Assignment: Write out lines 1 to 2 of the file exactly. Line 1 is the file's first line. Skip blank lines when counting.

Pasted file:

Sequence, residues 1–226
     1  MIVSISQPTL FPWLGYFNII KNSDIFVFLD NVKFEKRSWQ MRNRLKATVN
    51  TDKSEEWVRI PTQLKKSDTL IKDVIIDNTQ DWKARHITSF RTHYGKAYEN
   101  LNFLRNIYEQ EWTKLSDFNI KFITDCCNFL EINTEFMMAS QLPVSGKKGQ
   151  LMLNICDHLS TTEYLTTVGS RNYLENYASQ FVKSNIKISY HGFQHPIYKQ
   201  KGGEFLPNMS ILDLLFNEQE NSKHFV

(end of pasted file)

Sequence, residues 1–226
     1  MIVSISQPTL FPWLGYFNII KNSDIFVFLD NVKFEKRSWQ MRNRLKATVN